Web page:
A parallelizable QAOA with local-only interactions
Recent developments in quantum technologies bring quantum advantage within reach, and there is a great focus on how to use quantum devices to solve optimization problems that can’t be mastered with a classical computer.
One promising algorithm for the near future is the Quantum Approximate Optimization Algorithm (QAOA). It has been introduced in 2014 by Farhi, Goldstone and Gutmann as a digital quantum computing scheme to find approximate solutions of combinatorial optimization problems. The scheme of QAOA consists of a sequence of quantum gates represented by unitary operators that correspond to a driver Hamiltonian and the problem Hamiltonian, respectively. The number of iterations can be small and angles of each unitary are free parameters that are optimized via a classical feedback loop.
The biggest challenges in the implementation of QAOA are programmability and scalability. It is difficult to program arbitrary optimization problems independently from the qubits’ arrangement and connectivity. While larger connectivity can be achieved through a series of swap operations, these operations are problem-dependent and thus difficult to parallelize, which is a limiting factor in scalability and execution speed.
In the paper “Quantum Approximate Optimization With Parallelizable Gates”, ParityQC co-founder Wolfgang Lechner presents a novel approach to QAOA: a parallelizable QAOA consisting only of nearest-neighbor CNOT gates and single qubit rotations. Implementing the ParityQC Architecture is what makes the difference in this approach. In the ParityQC Architecture, the optimization problem is fully determined by local fields, and interactions between qubits are uniform and problem-independent. Hence, it is possible to solve optimization problems using the same chip just by adjusting the applied local fields.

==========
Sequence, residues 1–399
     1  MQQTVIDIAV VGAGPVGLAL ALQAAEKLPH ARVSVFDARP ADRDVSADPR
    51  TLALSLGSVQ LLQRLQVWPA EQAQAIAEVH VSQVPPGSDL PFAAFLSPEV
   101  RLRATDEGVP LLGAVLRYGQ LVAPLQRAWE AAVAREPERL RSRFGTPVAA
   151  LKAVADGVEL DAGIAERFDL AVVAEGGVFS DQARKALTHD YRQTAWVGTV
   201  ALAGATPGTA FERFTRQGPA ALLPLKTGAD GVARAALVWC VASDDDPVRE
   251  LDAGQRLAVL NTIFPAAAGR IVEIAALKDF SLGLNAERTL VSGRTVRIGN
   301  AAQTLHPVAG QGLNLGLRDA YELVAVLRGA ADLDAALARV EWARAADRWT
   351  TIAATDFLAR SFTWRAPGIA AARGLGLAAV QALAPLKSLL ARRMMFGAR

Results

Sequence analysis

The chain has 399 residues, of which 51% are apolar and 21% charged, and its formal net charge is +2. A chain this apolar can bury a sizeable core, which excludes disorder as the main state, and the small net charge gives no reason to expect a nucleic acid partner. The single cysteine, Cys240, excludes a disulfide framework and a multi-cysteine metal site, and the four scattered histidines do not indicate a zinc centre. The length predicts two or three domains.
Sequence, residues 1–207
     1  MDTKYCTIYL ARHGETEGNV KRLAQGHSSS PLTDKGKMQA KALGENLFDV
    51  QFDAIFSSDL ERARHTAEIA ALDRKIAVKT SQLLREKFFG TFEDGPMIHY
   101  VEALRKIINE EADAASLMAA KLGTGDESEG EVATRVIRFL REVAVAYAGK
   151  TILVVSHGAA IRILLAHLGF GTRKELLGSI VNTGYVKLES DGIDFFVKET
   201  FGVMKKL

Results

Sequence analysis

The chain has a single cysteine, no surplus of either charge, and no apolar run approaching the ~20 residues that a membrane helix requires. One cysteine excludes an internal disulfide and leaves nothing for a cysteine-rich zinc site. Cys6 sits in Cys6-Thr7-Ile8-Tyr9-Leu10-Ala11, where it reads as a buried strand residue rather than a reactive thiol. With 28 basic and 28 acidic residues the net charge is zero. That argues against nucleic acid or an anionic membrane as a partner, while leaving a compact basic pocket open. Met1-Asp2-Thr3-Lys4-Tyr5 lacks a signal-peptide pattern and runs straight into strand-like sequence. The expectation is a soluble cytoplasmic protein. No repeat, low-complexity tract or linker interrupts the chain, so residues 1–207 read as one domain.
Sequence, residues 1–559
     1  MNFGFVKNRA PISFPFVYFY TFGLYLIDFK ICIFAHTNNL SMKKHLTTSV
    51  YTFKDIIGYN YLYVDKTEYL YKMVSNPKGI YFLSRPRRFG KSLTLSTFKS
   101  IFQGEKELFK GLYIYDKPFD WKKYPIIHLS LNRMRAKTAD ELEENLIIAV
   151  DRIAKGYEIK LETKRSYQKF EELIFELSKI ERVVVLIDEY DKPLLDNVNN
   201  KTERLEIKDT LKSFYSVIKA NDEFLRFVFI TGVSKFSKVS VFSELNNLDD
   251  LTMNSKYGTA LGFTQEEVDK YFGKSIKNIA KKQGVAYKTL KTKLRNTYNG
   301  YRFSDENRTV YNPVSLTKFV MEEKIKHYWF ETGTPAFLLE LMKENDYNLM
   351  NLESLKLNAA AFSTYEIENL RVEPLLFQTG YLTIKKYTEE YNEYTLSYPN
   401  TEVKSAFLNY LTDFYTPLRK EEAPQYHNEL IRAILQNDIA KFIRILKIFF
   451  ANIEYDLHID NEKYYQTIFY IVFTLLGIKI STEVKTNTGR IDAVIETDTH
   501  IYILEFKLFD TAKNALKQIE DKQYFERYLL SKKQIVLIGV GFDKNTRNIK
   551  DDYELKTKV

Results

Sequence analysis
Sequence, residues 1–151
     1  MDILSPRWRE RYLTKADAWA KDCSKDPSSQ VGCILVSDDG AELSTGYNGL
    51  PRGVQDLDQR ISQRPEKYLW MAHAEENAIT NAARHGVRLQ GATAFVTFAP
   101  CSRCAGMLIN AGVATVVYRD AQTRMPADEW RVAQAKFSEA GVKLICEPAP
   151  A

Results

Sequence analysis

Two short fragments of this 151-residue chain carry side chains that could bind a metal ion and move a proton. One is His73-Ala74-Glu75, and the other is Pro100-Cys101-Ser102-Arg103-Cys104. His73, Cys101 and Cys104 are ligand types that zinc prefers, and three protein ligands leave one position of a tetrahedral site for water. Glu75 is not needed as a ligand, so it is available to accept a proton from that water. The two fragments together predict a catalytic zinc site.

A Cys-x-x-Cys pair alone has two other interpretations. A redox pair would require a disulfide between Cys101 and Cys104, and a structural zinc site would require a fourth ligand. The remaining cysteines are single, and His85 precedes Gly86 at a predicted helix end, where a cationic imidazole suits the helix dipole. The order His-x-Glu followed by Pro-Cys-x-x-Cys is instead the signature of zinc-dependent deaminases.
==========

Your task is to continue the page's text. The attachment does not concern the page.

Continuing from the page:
When implementing QAOA on the ParityQC Architecture, the protocol consists of single qubit operations that encode the optimization problem, and problem-independent pairwise CNOT gates with nearest neighbor connectivity, executed in parallel. This allows for a parallelized implementation in quantum devices with a planar lattice geometry. The required gates, in turn, consist of three terms: 1) a unitary with local σx terms; 2) a unitary that defines the problem with local σzterms; and 3) problem-independent interactions consisting of nearest-neighbor CNOT gates and qubit Z-rotations.
This novel approach to QAOA, one of the most well-known schemes in the field of quantum computing, makes it possible to overcome many obstacles that are ingrained in the hardware.
The paper was published in October 2020 in IEEE Transactions on Quantum Engineering